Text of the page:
by Lucinda Staniland
Most of us come to yoga with a whole lot of misconceptions about what yoga is. I was no different. Here are some of the mistakes that I made, and lessons that I learnt, as a new yoga student.
When I started doing yoga I was awed by the strength and grace of the physical practice I saw my fellow students doing. I couldn’t wait for the day when I too would move with such beauty. I fell in love with asana.
But asana (physical postures) is not Yoga. Asana is a tool of yoga.
What is Yoga? It is a state of self-realization, and it is also the practice that we do in order to experience this state. So physical postures are one part of the practice of Yoga, as are meditation, pranayama, kirtan, and the yamas and niyamas. These are all tools which helps us to observe the fluctuations of our minds, and to get a little closer to the state of self-realization.
It is possible to practice asana without practicing yoga. In fact, this has become extremely common. I know I’m not alone in having discovered yoga solely in the form of asana, as this seems to be the experience of most Western yoga practitioners. This results in many of us modern day ‘yogis’ missing out on the real treasures of a yoga practice, and settling instead for a limited asana practice, that can only ever take us part of the way to what we really crave.
I was lucky to start my yoga journey with teachers who strongly encouraged their students to cultivate a home yoga practice. In fact, it was their main goal as teachers, and they regularly held sessions at the studio where they supported us to develop our personal yoga practice.
Why were my teachers so insistent on a home yoga practice? Well, a home yoga practice is what makes the difference between practicing yoga postures and actually practicing yoga. It’s the container that holds and supports your yoga, forcing you to show up daily on the mat, even when you are overwhelmed with resistance and excuses.
Sadly, many yoga teachers don’t place any emphasis on developing a home yoga practice, and may not even have one themselves. Perhaps it’s not seen as an economically advisable approach, but more likely it appears that many yoga teachers simply aren’t aware of the importance of a home yoga practice, having been taught by teachers who didn’t have one themselves.
Your home yoga practice doesn’t have to be long, complicated or even involve any asana. It could be as simple as ten minutes of meditation every morning. Or listening to a Yoga Nidra recording every night before bed.
A common misconception among new yogis is that flexibility is the true measure of success in a yogi. The further forward you can bend, the logic goes, the more advanced a yogi you must be. And so the new student at their first yoga class feels incredibly self conscious about their flexibility, or worse, they’re so intimidated that they won’t attempt yoga at all.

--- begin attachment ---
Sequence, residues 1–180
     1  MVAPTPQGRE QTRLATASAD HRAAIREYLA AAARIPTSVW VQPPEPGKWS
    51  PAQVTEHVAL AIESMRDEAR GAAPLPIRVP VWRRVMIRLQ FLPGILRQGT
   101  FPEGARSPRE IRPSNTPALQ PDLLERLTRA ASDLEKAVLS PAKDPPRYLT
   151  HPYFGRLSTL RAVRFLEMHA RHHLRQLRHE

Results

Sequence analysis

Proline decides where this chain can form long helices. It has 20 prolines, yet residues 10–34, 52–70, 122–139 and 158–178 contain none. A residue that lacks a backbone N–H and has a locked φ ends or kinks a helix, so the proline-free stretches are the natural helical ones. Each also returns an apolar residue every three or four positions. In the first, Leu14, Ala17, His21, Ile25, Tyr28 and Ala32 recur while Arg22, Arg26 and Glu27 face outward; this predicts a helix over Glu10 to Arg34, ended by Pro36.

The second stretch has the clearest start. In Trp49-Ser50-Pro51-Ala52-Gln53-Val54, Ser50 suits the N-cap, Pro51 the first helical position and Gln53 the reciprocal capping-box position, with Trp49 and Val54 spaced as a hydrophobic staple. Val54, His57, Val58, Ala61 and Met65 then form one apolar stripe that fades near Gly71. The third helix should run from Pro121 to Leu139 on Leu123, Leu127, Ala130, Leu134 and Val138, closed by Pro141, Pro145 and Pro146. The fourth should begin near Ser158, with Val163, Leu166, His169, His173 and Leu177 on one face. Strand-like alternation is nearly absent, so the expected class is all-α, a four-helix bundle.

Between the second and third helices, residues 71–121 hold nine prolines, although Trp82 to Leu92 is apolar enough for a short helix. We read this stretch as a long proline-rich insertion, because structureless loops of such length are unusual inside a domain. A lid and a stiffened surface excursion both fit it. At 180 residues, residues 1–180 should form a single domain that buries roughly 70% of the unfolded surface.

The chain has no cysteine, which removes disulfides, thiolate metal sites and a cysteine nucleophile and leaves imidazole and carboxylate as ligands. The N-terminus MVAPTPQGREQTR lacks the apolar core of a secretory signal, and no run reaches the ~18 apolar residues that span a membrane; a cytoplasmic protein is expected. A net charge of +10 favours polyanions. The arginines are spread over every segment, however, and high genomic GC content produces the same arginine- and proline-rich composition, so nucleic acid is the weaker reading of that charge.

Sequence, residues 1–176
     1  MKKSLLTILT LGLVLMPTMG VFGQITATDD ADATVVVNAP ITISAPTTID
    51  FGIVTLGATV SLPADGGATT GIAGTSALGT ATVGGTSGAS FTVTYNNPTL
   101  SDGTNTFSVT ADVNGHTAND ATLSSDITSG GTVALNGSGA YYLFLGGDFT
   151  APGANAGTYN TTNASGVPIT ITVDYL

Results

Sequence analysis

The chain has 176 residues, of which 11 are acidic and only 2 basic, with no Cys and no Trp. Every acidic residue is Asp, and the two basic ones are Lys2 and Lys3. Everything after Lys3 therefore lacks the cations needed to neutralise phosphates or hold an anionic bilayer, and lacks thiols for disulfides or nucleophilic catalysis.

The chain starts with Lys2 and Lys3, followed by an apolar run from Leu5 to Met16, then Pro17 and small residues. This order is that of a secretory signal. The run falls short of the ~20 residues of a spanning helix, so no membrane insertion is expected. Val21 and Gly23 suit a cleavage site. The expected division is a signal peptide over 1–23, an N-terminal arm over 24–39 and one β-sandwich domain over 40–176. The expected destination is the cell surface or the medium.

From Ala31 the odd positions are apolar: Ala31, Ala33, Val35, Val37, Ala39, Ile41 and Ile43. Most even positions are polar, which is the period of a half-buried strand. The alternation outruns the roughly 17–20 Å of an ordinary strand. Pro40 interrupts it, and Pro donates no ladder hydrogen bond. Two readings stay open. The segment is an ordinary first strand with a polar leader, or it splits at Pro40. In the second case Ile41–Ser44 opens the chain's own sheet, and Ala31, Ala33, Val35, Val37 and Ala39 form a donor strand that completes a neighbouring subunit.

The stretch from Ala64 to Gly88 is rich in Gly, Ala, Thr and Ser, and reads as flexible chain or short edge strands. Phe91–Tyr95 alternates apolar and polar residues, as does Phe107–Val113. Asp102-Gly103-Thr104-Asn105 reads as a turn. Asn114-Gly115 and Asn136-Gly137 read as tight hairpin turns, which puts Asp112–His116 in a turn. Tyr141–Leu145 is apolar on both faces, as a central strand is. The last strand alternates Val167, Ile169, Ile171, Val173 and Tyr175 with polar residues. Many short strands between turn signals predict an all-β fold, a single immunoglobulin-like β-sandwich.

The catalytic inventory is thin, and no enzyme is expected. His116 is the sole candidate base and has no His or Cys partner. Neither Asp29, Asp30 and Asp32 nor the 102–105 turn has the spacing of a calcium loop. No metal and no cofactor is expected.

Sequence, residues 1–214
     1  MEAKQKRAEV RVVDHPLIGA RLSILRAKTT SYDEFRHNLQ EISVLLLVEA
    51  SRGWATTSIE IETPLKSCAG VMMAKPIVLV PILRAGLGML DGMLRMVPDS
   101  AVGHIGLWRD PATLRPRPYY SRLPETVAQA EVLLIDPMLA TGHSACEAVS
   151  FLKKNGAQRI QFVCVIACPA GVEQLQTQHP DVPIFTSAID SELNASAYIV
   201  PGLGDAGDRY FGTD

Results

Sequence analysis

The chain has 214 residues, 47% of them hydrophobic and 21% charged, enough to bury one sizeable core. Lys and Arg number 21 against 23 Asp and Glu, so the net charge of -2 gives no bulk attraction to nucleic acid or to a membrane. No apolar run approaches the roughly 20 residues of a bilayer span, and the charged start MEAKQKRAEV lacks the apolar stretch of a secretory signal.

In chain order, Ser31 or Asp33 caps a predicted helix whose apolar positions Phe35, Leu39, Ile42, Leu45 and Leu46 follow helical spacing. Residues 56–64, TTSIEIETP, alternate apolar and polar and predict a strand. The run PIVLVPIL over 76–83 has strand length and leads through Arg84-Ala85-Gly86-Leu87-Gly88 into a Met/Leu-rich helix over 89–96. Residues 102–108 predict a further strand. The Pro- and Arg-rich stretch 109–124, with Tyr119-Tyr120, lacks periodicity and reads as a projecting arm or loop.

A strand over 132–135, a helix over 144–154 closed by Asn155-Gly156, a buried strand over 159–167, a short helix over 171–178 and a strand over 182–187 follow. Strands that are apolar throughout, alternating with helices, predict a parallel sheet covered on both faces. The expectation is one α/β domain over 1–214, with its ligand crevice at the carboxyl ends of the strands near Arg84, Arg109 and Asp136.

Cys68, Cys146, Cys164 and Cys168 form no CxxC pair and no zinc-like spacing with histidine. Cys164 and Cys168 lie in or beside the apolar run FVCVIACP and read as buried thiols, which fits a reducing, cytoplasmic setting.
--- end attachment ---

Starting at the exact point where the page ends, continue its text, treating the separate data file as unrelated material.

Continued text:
And yet the idea that you need to be flexible to do yoga is flat-out untrue. In fact, it’s ridiculous! Most of us come to yoga with bodies that we have neglected or harmed in some way, and all of us come to yoga with bodies that move in particular ways, bodies that have limitations and strengths.
Whatever you come to yoga with is OK. We all have to start where we are, and because our modern lifestyles sure as hell don’t make it easy for us to cultivate healthy relationships with our bodies, most of us have a lot of work to do. That is the work that we begin to do when we come to yoga. This is yoga.
Flexibility is a side benefit of yoga, it is not in any way a measure of the integrity or strength of one’s yoga practice. A deep backbend does not equal a ‘good’ yoga practice. Yes, over time a dedicated yoga does tend to open the body, allowing you to soften, and to increase your flexibility. But think of it as a perk of the practice, rather than a prerequisite or an end goal.
When I first began my yoga practice I had an unconscious belief that it was impossible to be injured doing something as virtuous and healthy as yoga. Plus I was in the midst of recovering from an eating disorder, and a subtle sense of aggression towards my body pervaded everything I did.
This was a dangerous combination of beliefs to enter a yoga studio with. It led to me doing a lot of advanced postures, particularly backbends, that I wasn’t ready for. I was naturally flexible, so I could almost always find a way to get myself into a given posture, but I didn’t have the strength or awareness required to do it with integrity.
What happened? I got injured, and for the first time in my life I experienced back pain. I continued to force my way into advanced backbends, but I felt a growing uneasiness. Perhaps, just perhaps, this virtuous and ‘safe’ activity wasn’t so good for me after all.
So yup, turns out that you can get injured in yoga, in fact it’s incredibly common. It doesn’t help that many of us – like me – come to yoga in a state of disconnect from our bodies, with a whole lot of unconscious beliefs about what yoga should be like. The solution? Discard magical thinking, pay attention, question your beliefs about yoga and your body, and ask for help from your teachers so that they can help you to do this.
I came to yoga just before that crazy explosion of social media that has changed so much about our lives. I had a blissfully old fashioned and unflashy view of the practice. For years, I associated yoga with serious, committed people who wore comfortable clothing made of natural fibres and attended to their yoga practice with quiet devotion.